Who Cares Who Edits The New York Times?
Not Ira Glass, that’s for sure.
After the Peabody Awards on Monday, New York Magazine’s Daily Intelligencer blog asked Glass, the host and producer of the radio show “This American Life,” about Abramson’s dismissal from the Times, which was the first he had heard of the news.
“I have no idea what you’re talking about,” Glass said when reporter Katie Van Syckle told him Abramson was fired.
“Okay. And she was who?” Glass asked when Syckle told him again.
Glass then explained that he doesn’t pay attention to media news or who edits newspapers, despite the fact that he loves the New York Times.
“I read the newspaper, but I live in my own little bubble,” he said. “I hate reading media news so I actively sort of — I’m not interested in someone getting fired. No disrespect to people that are, but I literally had no idea who she was, or that she got fired until this moment.”
When Syckle expressed surprise, Glass told her that he’d been busy working on multiple shows.
“Am I, like, the only person in New York who hasn’t heard this?” he asked.
And finally, he said he just doesn’t care.
“Honestly, like, I’m a superfan of the New York Times, but I know nothing about how they put it together and I really don’t care,” Glass said.
Among those who do care is TPM’s Josh Marshall, who goes into some detail speculating why owner-publisher Arthur Sulzberger allowed this to turn into such a big spectacle, not to mention risking a major gender discrimination lawsuit. As best he can figure, Abramsom had tried to lure a Janine Gibson from The Guardian as a co-managing editor to Dean Baquet, the latter learned of it during lunch with the former and was embarrassed, and presented an ultimatum to Sulzberger. Marshall reckons,
We know Sulzberger has a rocky relationship with Abramson, maybe because she was a bad manager, maybe because of a gendered perception that she was “pushy.” We also know that Baquet was viewed universally as Abramson’s successor, by Abramson just as much as by Sulzberger and everyone else. It seems clear that Sulzberger was at least annoyed by Abramson’s suggestion that her compensation was lower than it should have been because of her gender and especially because she’d retained a lawyer about it. We also know, I think critically, that Baquet recently been courted by Bloomberg.
Let’s assume that Sulzberger wasn’t happy with Abramson’s leadership and was miffed by the pay dispute. Baquet is her successor and thus, in a way, Sulzberger’s safety cord in his troubled relationship with Abramson, a talented, seemingly universally-liked successor positioned and ready to take the reins. Baquet approaches Sulzberger and essentially gives him an ultimatum. He can’t work with Abramson anymore. Sulzberger isn’t just faced with losing one of the Times top employees and a future leader of the paper. He’s also suddenly faced with being stuck with Abramson.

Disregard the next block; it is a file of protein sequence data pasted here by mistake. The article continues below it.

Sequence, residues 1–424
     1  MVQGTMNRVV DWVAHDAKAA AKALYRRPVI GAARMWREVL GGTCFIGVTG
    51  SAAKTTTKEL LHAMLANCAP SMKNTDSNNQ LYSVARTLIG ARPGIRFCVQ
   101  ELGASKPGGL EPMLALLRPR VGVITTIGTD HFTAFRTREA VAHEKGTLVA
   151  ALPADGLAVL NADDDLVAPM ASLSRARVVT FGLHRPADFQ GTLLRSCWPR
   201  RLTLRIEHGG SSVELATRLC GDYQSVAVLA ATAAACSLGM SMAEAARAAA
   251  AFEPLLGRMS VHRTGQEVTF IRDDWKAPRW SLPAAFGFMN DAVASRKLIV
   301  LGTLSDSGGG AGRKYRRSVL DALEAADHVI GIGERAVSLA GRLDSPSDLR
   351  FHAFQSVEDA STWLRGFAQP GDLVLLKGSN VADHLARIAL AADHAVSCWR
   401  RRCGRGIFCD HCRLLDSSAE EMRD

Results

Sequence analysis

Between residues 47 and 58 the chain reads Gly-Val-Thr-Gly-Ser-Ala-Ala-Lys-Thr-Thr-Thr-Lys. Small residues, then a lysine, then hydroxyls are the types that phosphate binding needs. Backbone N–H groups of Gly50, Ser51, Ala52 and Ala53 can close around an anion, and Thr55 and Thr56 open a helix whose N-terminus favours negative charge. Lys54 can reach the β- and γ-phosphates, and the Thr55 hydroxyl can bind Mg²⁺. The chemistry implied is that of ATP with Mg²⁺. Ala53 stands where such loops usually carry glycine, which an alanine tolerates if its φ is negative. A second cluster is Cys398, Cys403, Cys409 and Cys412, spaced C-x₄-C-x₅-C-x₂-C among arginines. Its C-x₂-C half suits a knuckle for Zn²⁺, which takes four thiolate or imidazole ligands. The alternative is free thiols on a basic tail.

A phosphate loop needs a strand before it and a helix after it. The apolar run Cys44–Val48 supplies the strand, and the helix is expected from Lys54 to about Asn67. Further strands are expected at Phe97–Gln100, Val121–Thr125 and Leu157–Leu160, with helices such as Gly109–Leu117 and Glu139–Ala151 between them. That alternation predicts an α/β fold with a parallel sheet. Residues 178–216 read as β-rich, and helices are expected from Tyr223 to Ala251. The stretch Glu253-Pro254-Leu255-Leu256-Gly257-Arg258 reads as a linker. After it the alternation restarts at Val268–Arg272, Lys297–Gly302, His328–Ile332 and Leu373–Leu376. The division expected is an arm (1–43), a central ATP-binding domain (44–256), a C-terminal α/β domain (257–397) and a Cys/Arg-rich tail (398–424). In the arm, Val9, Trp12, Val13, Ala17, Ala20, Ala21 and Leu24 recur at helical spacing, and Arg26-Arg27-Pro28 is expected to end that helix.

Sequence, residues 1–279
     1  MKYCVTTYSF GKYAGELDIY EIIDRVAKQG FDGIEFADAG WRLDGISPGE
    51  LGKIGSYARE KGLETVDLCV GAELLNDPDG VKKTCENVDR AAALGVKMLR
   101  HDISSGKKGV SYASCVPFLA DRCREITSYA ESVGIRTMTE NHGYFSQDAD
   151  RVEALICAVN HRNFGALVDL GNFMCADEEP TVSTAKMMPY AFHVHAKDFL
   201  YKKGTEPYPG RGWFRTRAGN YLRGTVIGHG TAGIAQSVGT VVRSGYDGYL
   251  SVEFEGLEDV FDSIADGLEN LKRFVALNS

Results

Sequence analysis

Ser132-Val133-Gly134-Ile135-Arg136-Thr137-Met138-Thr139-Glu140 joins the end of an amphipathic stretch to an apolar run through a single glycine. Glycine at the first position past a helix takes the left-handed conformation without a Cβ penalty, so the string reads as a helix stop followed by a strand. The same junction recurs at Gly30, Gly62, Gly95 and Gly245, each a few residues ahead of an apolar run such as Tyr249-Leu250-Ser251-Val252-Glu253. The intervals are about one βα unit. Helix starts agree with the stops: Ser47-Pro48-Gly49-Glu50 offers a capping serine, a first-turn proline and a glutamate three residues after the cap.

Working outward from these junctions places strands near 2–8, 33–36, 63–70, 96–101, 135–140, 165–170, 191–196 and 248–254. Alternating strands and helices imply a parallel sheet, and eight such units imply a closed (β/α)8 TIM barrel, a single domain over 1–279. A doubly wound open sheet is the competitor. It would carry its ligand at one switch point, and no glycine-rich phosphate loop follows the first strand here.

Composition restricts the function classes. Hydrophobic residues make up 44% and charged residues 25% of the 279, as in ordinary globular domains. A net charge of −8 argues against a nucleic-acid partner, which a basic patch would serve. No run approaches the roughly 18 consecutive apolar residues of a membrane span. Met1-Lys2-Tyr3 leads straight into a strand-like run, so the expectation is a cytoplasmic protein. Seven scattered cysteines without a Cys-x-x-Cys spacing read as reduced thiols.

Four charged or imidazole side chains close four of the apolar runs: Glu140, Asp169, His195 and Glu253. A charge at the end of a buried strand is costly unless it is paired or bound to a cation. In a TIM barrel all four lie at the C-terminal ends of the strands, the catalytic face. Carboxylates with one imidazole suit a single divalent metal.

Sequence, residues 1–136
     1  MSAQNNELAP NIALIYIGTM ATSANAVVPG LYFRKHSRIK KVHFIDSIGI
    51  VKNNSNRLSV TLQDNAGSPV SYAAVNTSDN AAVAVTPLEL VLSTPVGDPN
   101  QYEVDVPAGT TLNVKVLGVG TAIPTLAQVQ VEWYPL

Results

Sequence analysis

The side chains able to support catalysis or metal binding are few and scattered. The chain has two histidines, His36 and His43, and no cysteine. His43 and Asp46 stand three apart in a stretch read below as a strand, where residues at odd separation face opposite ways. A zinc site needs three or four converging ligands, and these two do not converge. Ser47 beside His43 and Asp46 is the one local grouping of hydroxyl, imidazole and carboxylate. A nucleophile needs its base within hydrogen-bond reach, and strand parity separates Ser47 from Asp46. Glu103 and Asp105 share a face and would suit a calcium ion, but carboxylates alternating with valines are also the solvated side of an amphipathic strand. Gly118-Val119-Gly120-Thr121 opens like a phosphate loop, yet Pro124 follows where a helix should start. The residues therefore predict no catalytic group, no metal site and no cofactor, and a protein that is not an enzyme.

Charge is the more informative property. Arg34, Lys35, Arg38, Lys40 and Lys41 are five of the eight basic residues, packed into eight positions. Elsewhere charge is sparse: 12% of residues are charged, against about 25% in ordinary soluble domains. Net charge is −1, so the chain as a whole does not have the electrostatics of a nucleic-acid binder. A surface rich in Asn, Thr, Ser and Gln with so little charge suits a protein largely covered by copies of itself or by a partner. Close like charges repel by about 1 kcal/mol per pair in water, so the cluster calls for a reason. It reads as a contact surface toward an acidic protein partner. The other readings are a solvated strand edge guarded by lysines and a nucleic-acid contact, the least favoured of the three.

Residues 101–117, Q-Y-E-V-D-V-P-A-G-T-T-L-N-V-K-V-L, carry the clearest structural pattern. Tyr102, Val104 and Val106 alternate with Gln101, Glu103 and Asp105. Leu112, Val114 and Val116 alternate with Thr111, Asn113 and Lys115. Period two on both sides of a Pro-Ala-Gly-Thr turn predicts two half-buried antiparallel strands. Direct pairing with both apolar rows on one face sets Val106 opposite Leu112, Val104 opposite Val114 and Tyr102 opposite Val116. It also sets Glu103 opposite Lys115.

This last point strikes me as key. Whatever the nature of the deception or misunderstanding, whether or not Sulzberger thought he’d been misled, this would have constituted a real crisis for Sulzberger. He doesn’t just lose Baquet but he’s stuck with Abramson. Yes, of course, she can be fired at any time but not nearly as easily. The Times hires its executive editors from the inside after long service. And he’s the one groomed for the position. Already unhappy with Abramson, faced with losing a future leader and suddenly having no clear replacement for her, he panics and fires her.
That’s interesting if true but I’m nonetheless with Glass on this one: So what?
I’m mildly interested in the gender discrimination angle. But whether Abramson or someone else runs the paper is irrelevant to me. I’d never heard to Abramson before she succeeded Bill Keller in the role a few years back. And I’d never heard of Gibson or Baquet until reading Marshall’s post. But I’m reasonably confident that either of them could competently run the New York Times editorial operation. Indeed, absent reporting on the handover, I would be completely unaware that the job changed hands in 2011. I don’t recall offhand who had the job before Keller; regardless, aside from the technological changes, it strikes me as essentially the paper it was when I was reading it out of the metal racks at the university many moons and goodness knows how many executive editors ago.
Running a daily paper must be tremendously challenging and, presumably, it’s only gotten harder in the Internet age. Not only is the deadline always “five minutes ago” but there’s more competition for readers’ attention, less reader loyalty, and fewer resources to go around. Still, the great papers have the luxury of being aspirational posts for the best and brightest reporters. They’re going to do great work for any but the most incompetent or unlikable boss. And, since the Times tends to hire someone who has already had a successful run as managing editor, it’s not like they’re handing the keys to some kid with no clue.
As for Abramson, I don’t have a strong opinion on her tenure. As already noted, I didn’t notice any real change in the paper; given that she took over one of the very best papers on the planet, that’s not necessarily a bad thing. But, surely, among the key qualities of the top editor is maintaining a good working relationship with the publisher—especially if he’s also owns the damned paper. Keller managed to do it for eight years, stepping down on his own terms. Abramson failed.